An early seasonal surge in common pediatric respiratory illnesses could be the result of COVID-19 lockdowns and over-sterilization during the pandemic.
Although the number of cases of respiratory syncytial virus (RSV) infections varies from year to year, this season’s levels appear to be five to 10 times higher than in similar periods in 2018, 2019, and 2020, according to the RSV Hospitalization Surveillance Network.
RSV can cause severe health complications, particularly for infants, children, and older adults. Reported cases and hospitalizations have been rising in multiple regions throughout the United States.
Cases of influenza are also up. According to the Center for Infectious Disease Research and Policy at the University of Minnesota, 47 states reported increases in hospitalizations and outpatient care for the flu. Rates have been highest for those aged 85 and older and children under age four. Preliminary data shows 4.32 percent of patients who were hospitalized have also tested positive for COVID-19.
The surge in RSV cases is no accident, says Chad Savage, M.D., an internist and founder of Your Choice Direct Care, president of DPC Action, and policy advisor to The Heartland Institute, which co-publishes Health Care News.
“The immune system learns to defend against viral respiratory infection through exposure to low levels of virus,” said Savage. “Thus, attempts to mitigate COVID spread by sterilizing the environment may have inadvertently caused the immune systems of children, isolated from their peers, to become ‘naive’ toward many common infections.”
That can lead to severe symptoms after children are re-exposed, a deficiency known as an “immunity gap.”
Spike in Infections, Severity
The United States and other nations that mandated widespread lockdowns, increased sterilization practices, and social distancing experienced a wave of unusually severe respiratory and influenza infections in 2021. In the summer of 2021, the Centers for Disease Control and Prevention (CDC) confirmed numbers nearly 200 times higher than the previous year.
Authorities knew the lockdowns would lead to a spike in other viral infections, says Savage.
“All of this was known pre-pandemic, yet [public authorities] did this anyway,” said Savage.
The lockdowns may also cause an increase in sensitivity to allergens, says Savage.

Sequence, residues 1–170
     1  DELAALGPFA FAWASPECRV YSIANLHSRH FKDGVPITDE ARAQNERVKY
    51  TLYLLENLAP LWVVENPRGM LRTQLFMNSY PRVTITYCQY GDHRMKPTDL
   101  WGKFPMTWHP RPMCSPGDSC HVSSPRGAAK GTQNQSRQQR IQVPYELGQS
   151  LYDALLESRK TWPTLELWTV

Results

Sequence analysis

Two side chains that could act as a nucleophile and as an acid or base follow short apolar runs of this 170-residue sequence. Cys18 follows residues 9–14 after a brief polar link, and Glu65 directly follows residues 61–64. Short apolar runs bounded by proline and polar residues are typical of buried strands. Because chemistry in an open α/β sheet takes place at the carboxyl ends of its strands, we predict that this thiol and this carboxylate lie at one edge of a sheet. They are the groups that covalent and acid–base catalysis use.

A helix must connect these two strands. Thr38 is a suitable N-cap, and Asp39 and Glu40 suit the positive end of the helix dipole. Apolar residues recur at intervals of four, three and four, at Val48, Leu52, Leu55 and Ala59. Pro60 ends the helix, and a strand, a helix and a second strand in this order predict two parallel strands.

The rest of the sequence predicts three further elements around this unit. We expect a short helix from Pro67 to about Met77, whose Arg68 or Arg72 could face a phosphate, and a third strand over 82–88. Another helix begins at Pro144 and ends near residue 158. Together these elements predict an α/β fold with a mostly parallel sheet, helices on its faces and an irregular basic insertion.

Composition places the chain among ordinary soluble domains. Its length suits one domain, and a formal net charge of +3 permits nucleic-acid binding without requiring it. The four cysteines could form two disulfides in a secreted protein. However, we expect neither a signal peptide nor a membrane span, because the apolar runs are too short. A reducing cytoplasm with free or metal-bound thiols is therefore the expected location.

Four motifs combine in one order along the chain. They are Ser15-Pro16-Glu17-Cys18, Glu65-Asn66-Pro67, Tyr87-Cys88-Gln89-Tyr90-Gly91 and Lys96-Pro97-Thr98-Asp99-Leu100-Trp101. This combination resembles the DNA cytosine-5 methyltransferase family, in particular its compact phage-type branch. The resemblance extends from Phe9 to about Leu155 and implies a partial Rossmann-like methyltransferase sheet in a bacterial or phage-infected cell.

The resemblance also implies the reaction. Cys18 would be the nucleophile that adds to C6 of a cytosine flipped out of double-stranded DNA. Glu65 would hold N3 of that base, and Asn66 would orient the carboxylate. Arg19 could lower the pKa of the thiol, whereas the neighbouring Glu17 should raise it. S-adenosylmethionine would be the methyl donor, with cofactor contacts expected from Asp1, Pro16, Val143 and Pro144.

“Atopic conditions, [such as] asthma, allergies, and eczema, are also known to be much worse in children raised in hyper-sterilized environments,” said Savage. “Thus, the next most predictable thing may be that we could expect to be causing an atopic generation of children. Children may grow to have higher rates of asthma than prior generations.”
‘A Very Powerful Tool’
SARS-CoV-2 has a lower fatality rate than RSV in the pediatric population. On average, 60,000 to 80,000 children less than five years old are hospitalized for RSV each year. Although the infection is mild for most people, RSV may be responsible for one in 50 pediatric deaths.
Although this year’s RSV numbers are much higher, the CDC has reassured the public “most of the time RSV will cause a mild, cold-like illness.”
“I would actually contend that this tone is correct, as for most people RSV is mild,” said Savage. “However, the same is true for COVID, but the tone is one of fear instead of reassurance with caution about what to monitor for in case you are the rare severe case.”
Authorities hyped up concern about COVID-19 while downplaying RSV and other diseases that are less lucrative for governments, pharmaceutical companies, and health care providers, says Twila Brase, president, and co-founder of the Citizens’ Council for Health Freedom and a policy advisor to The Heartland Institute.
“Public health proved to be a very powerful tool in the hands of those who wanted to seize power over the American people [during the pandemic],” said Brase.
“Some states have learned lessons and changed their emergency health powers laws in the past two years or will change them in the coming legislative session,” said Brase. “Other states, whose political leadership did not change, will likely hold on to those powers for future restrictions on human rights.”
Ashley Bateman (email@example.com) writes from Virginia.
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